But today, they returned to the switch, rending the results you’d expect: a poor shooting performance from the Cavs. Working to keep a defender in a shooter/ball-handler’s face at all times, the Nets suffocated Cleveland, forcing them into .390/.295 splits.
If Brooklyn’s offense displayed any direction, cohesion, or brain activity of any kind outside of what Thomas created, they might have won this game. But for as horrible as Brooklyn’s offense especially early on was, their rebounding also paved the way for a Cleveland victory. The Cavs only posted a +6 rebounding victory over the Nets, but pulled down 12 at the offensive end leading to 18 second chance points.
If you watched the Nets last year, you know rebounding comes at the expense of the switch. Bigs are taken out of position to secure the rock as they dart around the court. Day’Ron Sharpe, the team’s leader in rebound percentage this year, missing his first game all year did not help either.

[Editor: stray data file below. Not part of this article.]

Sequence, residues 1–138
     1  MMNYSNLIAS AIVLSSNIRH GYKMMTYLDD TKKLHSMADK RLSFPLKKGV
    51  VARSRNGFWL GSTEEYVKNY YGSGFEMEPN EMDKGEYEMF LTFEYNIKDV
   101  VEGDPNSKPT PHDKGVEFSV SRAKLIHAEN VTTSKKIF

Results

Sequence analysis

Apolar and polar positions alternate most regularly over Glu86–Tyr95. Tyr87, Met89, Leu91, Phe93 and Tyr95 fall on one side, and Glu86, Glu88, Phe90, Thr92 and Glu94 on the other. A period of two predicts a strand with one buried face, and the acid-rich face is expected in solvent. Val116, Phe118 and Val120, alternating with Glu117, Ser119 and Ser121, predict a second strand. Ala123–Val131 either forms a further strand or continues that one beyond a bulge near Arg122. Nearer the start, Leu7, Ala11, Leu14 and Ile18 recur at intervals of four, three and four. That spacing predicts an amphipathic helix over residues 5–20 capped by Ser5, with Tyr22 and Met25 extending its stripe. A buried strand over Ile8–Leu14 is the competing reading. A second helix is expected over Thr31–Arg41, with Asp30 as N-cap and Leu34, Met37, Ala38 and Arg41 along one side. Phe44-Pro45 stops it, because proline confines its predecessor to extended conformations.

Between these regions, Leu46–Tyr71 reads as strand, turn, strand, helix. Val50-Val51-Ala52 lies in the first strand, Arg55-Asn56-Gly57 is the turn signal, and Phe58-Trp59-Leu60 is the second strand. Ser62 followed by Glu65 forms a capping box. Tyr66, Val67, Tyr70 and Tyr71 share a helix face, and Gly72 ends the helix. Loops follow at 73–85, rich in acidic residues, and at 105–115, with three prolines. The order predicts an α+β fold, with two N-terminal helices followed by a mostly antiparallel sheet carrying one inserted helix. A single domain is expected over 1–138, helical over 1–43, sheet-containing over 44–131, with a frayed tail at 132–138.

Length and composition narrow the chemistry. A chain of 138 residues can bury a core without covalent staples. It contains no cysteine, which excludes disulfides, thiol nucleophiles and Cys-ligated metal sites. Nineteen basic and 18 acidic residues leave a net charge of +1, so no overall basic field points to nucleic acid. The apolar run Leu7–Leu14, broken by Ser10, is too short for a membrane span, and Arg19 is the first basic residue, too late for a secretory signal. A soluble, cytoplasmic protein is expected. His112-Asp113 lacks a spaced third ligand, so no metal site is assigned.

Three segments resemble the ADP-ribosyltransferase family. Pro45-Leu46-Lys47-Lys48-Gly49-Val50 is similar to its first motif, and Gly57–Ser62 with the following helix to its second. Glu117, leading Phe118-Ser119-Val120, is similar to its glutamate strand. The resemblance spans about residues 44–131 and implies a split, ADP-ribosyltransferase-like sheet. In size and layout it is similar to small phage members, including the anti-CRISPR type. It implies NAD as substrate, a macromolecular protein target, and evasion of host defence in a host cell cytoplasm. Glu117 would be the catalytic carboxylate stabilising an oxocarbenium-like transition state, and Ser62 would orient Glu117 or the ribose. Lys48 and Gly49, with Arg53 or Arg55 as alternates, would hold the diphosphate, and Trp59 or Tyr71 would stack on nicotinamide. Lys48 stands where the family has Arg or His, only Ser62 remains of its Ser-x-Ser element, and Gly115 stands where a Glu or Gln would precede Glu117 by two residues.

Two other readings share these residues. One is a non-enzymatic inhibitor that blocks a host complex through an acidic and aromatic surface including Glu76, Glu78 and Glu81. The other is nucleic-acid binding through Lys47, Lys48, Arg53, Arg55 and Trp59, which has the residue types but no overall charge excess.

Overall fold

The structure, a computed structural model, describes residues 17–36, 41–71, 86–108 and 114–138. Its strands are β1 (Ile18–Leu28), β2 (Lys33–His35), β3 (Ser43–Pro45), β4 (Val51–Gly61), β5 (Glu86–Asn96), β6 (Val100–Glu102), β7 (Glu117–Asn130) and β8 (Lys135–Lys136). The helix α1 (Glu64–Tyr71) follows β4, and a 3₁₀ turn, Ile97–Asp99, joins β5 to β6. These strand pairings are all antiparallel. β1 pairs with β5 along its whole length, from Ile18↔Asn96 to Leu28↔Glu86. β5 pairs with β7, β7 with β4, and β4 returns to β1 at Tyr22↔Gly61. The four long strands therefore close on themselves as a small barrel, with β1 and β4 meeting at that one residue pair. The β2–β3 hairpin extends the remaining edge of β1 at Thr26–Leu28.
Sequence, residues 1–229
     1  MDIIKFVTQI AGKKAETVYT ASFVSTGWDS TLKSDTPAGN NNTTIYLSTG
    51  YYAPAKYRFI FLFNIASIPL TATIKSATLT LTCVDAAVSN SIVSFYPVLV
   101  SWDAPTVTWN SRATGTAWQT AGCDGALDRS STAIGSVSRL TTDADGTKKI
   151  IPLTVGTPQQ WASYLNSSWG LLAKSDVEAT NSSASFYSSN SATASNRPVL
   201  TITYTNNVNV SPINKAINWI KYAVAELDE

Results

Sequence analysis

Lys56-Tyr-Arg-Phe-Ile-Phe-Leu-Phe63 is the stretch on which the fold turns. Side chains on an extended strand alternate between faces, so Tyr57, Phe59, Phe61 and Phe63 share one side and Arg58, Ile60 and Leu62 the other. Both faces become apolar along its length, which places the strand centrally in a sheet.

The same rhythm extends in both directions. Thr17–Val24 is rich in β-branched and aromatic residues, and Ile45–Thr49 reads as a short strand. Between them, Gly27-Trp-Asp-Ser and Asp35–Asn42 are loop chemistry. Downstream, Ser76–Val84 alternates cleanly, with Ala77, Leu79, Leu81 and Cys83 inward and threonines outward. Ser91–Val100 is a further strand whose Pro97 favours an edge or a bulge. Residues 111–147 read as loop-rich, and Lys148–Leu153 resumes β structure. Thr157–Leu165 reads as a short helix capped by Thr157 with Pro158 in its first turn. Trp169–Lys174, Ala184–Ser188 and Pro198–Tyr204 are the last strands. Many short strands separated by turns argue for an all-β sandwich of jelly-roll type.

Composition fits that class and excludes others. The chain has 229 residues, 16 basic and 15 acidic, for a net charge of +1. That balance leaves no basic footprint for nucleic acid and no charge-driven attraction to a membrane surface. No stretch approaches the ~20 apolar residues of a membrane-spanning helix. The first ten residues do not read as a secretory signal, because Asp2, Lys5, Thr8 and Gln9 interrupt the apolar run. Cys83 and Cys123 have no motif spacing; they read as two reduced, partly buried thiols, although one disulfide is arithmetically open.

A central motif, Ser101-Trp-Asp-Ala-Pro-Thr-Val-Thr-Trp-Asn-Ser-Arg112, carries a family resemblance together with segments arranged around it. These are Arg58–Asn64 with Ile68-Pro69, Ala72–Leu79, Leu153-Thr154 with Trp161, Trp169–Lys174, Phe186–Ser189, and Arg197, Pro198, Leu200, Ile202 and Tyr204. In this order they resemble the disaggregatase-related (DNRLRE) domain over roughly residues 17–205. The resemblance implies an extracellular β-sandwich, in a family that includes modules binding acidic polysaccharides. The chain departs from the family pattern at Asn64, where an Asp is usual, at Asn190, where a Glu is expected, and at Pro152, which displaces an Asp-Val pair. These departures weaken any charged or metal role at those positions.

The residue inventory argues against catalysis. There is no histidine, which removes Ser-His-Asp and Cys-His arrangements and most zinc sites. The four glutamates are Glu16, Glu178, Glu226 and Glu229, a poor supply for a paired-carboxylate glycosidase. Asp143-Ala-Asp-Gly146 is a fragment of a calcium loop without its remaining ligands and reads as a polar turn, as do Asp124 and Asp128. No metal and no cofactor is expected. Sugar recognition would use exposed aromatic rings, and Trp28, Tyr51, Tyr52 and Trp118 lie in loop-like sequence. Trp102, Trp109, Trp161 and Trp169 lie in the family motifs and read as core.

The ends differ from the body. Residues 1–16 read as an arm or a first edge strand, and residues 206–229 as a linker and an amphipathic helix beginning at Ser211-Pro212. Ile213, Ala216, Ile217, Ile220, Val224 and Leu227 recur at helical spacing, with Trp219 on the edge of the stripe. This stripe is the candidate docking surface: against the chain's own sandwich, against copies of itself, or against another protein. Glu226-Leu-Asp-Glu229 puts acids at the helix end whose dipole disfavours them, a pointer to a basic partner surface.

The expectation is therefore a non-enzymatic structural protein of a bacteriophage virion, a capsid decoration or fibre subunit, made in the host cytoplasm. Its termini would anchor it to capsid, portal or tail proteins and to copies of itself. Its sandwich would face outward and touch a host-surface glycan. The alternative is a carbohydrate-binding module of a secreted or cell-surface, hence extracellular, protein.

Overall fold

Still, Donovan Mitchell, Cleveland’s 6’3” shooting guard out-rebounded every single player on the Nets tonight. Those 18 second chance points also represent Cleveland’s win margin two times over. Jacque Vaughn picked his poison here, but should not have lived with it as long as he did.
Without Mitchell on the floor, the drop should have returned. I would have liked to see the team mix in some zone looks given Cleveland’s poor shooting from the jump occasionally as well. I watched Syracuse Basketball ruin itself for years on end playing the 2-3, so if anyone can request some zone, it’s me. But ultimately, this resembles another example of Brooklyn not being fluid enough with its game plan.